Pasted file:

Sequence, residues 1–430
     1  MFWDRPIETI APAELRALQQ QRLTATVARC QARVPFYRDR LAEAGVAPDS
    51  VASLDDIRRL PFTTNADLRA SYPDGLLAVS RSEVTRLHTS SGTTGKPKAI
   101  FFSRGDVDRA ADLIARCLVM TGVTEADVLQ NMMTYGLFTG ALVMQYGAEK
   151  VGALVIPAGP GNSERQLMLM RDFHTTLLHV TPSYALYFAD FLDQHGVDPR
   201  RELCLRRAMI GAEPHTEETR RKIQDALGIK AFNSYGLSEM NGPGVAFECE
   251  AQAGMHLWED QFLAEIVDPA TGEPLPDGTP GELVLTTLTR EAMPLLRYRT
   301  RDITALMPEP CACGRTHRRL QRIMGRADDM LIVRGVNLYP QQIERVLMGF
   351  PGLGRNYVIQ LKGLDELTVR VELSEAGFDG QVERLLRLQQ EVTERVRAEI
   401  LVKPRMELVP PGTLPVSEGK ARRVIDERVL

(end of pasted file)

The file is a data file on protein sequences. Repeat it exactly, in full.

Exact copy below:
Sequence, residues 1–430
     1  MFWDRPIETI APAELRALQQ QRLTATVARC QARVPFYRDR LAEAGVAPDS
    51  VASLDDIRRL PFTTNADLRA SYPDGLLAVS RSEVTRLHTS SGTTGKPKAI
   101  FFSRGDVDRA ADLIARCLVM TGVTEADVLQ NMMTYGLFTG ALVMQYGAEK
   151  VGALVIPAGP GNSERQLMLM RDFHTTLLHV TPSYALYFAD FLDQHGVDPR
   201  RELCLRRAMI GAEPHTEETR RKIQDALGIK AFNSYGLSEM NGPGVAFECE
   251  AQAGMHLWED QFLAEIVDPA TGEPLPDGTP GELVLTTLTR EAMPLLRYRT
   301  RDITALMPEP CACGRTHRRL QRIMGRADDM LIVRGVNLYP QQIERVLMGF
   351  PGLGRNYVIQ LKGLDELTVR VELSEAGFDG QVERLLRLQQ EVTERVRAEI
   401  LVKPRMELVP PGTLPVSEGK ARRVIDERVL